You can also do a hybrid method. Drill holes through the wall for most of the piping but have the main water supply pipe on the outside. You will still need to glue and reinforce the joints.
You’ll also need to put in a drain line for any water that makes it past your filters and the eventual runoff. This can be as simple as another pipe or more commonly done these days, a piece of perforated pipe that lets water seep into the ground around the foundation.
Your choice will depend on your budget and how good your soil is at absorbing water.
You spend some more time walking around, looking at the various options you have available. You see one of the staff walking around and you catch up with her to ask questions about some of the more complex things you’re considering.
You finally settle on a design. You want to put in a wall with several layers. The outer layer will be traditional concrete blocks with steel reinforcements. The next layer will be traditional bricks with steel reinforcements.
The inner layer will be a plastic composite.
The water pipes will be set into the wall in such a way that they’re protected on the inside of the wall, directly behind them will be a thick layer of concrete. On the outside of the wall will be the drain piping, behind a separate smaller wall that is placed a few inches inside the outer wall. This will keep running water close to the outside and furthest from any possible contamination. The drain will be piped into the sewage system.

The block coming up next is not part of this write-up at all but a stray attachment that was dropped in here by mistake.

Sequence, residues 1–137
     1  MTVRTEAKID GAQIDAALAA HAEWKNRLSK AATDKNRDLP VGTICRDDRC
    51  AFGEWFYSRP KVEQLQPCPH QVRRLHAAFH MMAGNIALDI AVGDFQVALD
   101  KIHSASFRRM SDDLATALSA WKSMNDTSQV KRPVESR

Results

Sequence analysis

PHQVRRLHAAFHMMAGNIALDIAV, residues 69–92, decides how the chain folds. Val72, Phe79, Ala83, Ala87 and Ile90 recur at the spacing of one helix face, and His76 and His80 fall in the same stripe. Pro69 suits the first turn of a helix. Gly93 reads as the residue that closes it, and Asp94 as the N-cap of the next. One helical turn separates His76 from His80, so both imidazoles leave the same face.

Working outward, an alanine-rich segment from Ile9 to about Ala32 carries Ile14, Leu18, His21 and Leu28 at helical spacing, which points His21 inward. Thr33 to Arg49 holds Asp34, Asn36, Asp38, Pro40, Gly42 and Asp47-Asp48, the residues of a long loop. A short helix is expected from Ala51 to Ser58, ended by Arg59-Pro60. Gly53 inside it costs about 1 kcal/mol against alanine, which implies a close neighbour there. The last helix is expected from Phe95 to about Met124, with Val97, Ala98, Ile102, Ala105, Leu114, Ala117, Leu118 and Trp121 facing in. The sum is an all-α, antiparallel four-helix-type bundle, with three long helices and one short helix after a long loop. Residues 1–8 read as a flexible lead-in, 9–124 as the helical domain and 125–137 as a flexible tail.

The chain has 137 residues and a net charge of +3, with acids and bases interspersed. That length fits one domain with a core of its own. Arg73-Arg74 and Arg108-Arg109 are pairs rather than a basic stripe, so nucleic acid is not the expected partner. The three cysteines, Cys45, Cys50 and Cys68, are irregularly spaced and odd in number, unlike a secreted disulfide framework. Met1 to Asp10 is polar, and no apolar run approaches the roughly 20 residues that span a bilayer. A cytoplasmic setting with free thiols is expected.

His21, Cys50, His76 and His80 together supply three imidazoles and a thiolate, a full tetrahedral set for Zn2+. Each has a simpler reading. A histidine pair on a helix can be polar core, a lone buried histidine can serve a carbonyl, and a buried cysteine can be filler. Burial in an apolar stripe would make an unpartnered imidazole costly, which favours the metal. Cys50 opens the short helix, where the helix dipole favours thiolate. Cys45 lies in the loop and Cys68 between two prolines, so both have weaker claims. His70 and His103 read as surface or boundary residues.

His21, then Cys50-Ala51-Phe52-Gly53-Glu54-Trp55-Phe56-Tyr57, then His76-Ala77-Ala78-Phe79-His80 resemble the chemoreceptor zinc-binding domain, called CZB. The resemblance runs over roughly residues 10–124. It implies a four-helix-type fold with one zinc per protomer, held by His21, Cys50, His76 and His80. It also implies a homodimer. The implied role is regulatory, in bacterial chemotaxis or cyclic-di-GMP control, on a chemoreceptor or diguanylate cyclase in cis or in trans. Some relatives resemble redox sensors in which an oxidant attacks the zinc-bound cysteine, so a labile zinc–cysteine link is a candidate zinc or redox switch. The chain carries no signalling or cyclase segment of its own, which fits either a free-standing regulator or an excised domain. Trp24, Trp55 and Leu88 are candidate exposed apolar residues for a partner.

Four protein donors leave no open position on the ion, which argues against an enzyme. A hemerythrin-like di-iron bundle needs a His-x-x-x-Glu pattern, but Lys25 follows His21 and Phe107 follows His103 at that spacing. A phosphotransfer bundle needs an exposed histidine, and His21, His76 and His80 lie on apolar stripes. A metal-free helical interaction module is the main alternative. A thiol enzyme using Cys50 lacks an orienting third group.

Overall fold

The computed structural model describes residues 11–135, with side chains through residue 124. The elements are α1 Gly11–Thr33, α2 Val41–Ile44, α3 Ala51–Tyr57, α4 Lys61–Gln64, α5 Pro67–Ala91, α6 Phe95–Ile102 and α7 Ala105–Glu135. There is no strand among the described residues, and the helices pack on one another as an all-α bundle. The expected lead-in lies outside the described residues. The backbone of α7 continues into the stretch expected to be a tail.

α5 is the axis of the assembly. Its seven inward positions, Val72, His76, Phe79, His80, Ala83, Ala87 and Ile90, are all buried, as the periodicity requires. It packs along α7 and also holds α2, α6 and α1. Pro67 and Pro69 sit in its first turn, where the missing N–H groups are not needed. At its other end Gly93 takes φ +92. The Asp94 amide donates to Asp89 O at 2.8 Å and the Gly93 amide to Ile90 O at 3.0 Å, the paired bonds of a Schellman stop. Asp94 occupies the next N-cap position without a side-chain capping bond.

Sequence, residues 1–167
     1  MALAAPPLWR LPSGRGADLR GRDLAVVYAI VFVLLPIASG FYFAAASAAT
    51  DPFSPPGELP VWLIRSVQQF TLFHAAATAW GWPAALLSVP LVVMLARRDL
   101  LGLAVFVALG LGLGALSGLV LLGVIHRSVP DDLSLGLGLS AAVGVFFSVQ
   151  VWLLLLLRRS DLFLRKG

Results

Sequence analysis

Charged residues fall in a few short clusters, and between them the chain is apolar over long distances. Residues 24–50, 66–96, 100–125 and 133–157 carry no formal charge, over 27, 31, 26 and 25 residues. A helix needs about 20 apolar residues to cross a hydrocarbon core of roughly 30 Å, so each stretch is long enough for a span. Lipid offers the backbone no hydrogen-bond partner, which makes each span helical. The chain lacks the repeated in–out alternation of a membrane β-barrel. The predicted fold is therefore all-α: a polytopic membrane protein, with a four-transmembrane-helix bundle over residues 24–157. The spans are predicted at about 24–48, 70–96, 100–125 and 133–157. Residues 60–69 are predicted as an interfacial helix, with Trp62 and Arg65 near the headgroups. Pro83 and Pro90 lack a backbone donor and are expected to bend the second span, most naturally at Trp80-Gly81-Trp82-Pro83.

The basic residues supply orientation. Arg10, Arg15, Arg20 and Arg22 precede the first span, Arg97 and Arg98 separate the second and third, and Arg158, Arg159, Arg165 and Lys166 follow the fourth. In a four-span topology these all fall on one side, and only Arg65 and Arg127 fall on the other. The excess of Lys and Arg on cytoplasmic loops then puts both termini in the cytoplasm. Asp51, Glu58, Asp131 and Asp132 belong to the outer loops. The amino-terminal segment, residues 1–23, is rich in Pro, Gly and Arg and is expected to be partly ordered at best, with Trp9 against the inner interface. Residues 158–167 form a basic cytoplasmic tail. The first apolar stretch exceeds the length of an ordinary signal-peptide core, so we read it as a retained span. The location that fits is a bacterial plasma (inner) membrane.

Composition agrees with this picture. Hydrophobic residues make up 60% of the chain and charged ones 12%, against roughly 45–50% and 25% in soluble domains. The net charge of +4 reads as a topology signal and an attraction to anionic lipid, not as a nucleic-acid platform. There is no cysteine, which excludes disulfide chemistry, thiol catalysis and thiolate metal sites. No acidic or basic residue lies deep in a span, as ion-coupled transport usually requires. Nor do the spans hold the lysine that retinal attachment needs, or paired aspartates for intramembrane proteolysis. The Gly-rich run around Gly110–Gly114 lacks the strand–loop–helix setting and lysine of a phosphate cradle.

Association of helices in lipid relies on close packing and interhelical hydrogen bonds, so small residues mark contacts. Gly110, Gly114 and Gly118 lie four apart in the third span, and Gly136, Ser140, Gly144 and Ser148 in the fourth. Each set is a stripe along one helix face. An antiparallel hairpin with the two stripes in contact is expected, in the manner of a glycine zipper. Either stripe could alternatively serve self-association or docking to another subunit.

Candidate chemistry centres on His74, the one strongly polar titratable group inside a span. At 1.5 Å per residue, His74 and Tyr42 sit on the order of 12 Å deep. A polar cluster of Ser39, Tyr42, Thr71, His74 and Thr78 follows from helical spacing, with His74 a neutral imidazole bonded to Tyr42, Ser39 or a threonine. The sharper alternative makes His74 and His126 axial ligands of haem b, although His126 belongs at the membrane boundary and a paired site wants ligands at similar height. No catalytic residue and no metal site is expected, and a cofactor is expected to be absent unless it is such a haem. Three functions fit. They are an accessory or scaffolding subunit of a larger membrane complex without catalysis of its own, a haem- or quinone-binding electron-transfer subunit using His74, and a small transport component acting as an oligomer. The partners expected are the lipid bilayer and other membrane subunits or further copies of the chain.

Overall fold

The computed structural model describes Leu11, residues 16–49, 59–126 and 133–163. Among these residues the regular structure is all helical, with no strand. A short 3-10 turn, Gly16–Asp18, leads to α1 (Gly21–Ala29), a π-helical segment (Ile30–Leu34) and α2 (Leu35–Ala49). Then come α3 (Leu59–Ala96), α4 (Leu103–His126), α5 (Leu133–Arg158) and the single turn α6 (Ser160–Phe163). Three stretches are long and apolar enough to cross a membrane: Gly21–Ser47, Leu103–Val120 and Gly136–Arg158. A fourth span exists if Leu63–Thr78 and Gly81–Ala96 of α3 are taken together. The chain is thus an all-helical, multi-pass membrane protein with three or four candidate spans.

The filter system will be on the inside of the wall between the outer and inner layer. It will be a series of pipes with filters in them that run from the outermost to the innermost. The system will be able to be taken apart easily for maintenance.
You place your order and once all the materials are there, you get started. You manage to buy a small house to use as temporary accommodation while you’re working. You even hire some locals with good work history who are looking for something more stable than the odd job as well as some unskilled labor. You plan to have everyone working on this full time until it’s finished.